Our main entry point into the community is the Self-Help Group, which comprises households working together to address water and food scarcity in their region. These members will be our hands and feet in constructing water projects and spreading the message of good hygiene and sanitation to everyone.

Sand Dam

After the community picked the ideal spot, our technical team went in and proved the viability by finding a good foundation of bedrock. Now, our engineers are busy drawing up the blueprints.

We are unified with this community to address the water shortage. As more sand dams are built, the environment will continue to transform. As the sand dams mature and build up more sand, the water tables will rise. Along with this sand dam, a hand-dug well will be installed to give community members an easy, safe way to access that water.

Building this sand dam and the well in this community will help bring clean water closer to the many people living here.


These community members currently do their best to practice good hygiene and sanitation, but their severe lack of water has significantly hindered reaching their fullest potential.

We will hold hygiene and sanitation training sessions with the Self-Help Group and other community members to teach essential hygiene practices and daily habits to establish at the personal, household, and community level. This training will help to ensure that participants have the knowledge they need to make the most out of their new water point as soon as the water is flowing.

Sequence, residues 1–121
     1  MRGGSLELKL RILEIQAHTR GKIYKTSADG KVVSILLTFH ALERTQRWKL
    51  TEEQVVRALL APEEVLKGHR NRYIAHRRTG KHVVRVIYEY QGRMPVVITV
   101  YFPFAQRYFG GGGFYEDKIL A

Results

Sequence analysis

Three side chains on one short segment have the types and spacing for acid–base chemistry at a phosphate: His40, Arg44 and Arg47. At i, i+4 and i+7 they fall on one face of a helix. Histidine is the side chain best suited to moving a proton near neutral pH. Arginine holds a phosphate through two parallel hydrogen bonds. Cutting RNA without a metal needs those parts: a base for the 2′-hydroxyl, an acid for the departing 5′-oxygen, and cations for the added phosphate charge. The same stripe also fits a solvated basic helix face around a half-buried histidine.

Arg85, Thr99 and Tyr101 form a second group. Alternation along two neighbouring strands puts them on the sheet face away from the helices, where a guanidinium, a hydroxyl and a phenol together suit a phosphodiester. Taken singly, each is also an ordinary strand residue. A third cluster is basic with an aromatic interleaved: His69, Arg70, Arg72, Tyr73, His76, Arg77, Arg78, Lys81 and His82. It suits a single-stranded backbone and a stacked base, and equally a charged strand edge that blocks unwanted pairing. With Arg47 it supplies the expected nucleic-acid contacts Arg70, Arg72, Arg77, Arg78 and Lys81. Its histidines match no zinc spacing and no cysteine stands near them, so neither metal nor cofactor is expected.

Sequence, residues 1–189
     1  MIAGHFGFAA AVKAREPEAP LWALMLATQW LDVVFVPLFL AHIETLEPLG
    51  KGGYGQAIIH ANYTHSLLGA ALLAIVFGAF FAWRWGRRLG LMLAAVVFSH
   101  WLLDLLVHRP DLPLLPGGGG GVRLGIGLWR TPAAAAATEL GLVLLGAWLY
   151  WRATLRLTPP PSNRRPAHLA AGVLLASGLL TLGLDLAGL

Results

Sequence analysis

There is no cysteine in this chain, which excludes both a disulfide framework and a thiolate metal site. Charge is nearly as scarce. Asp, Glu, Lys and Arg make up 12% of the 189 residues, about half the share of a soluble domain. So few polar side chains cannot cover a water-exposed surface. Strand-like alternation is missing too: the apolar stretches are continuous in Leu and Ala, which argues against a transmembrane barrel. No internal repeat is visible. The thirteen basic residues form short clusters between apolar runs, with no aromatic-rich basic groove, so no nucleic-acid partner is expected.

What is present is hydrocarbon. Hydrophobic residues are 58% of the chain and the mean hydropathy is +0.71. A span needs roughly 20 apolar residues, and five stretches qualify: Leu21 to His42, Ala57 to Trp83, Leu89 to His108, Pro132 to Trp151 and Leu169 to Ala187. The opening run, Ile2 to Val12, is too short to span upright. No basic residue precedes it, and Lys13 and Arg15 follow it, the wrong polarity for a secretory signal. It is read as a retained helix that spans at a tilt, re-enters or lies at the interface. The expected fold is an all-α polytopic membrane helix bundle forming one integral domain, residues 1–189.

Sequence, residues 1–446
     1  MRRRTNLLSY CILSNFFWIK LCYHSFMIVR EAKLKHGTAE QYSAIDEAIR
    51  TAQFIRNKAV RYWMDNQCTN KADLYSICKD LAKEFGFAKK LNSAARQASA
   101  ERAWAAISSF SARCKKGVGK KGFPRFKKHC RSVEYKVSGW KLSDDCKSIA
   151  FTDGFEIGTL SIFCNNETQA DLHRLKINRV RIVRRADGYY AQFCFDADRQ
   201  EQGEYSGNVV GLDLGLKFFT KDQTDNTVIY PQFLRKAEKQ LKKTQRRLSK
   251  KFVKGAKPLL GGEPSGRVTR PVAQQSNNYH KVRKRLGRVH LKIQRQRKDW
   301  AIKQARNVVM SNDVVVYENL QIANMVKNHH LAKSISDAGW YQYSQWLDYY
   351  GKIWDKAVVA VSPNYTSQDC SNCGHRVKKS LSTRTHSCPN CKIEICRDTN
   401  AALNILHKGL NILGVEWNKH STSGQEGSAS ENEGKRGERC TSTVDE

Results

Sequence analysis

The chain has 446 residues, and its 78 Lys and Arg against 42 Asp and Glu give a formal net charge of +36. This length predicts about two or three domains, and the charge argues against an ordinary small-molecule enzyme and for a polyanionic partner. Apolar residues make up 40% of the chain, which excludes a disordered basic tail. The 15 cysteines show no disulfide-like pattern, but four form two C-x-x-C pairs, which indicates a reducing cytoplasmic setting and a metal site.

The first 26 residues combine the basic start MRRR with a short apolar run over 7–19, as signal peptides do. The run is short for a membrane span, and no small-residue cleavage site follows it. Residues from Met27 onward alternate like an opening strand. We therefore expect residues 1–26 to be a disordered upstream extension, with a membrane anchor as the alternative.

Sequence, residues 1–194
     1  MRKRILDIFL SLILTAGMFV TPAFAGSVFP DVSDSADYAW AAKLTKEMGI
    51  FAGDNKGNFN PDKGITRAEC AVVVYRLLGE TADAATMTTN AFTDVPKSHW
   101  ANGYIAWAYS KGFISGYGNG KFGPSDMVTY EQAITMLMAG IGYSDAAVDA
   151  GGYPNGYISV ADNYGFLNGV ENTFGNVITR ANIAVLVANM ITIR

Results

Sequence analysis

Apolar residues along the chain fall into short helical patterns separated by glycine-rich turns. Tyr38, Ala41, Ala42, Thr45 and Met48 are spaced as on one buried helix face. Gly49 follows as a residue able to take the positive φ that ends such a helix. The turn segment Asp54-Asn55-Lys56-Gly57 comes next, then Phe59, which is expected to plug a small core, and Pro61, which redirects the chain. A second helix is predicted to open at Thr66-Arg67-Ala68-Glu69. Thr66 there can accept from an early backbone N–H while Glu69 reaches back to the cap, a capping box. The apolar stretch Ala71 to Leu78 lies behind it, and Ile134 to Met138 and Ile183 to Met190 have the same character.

One of the most important topics we plan to cover is handling, storage, and water treatment. Having a clean water source will be extremely helpful, but it is useless if water gets contaminated when it is consumed. We will also emphasize the importance of handwashing.

The community and we firmly believe that all of these components will work together to improve living standards here, which will help to unlock the potential for these community members to live better, healthier lives.

We typically work with self-help groups for 3 to 5 years on multiple water projects. We will conduct follow-up visits and refresher training during this period and remain in contact with the group after all of the projects are completed to support their efforts to improve sanitation and hygiene.

Project Updates

August, 2023: Ithambangwao Community Sand Dam Project Underway!

The lack of adequate water in Ithambangwao Community costs people time, energy, and health every single day. Clean water scarcity contributes to community instability and diminishes individuals’ personal progress.

But thanks to your recent generosity, things will soon improve here. We are now working to install a reliable water point and improve hygiene standards. We look forward to sharing inspiring news in the near future!

Project Photos

Project Type

Sand dams are huge, impressive structures built into the riverbeds of seasonal rivers (rivers that disappear every year during dry seasons). Instead of holding back a reservoir of water like a traditional dam would, sand dams accumulate a reservoir of silt and sand. Once the rain comes, the sand will capture 1-3% of the river’s flow, allowing most of the water to pass over. Then, we construct shallow wells on the riverbank to provide water even when the river has dried up, thanks to new groundwater reserves. Learn more here!


Project Sponsor - Barbara Belle Ash Dougan Foundation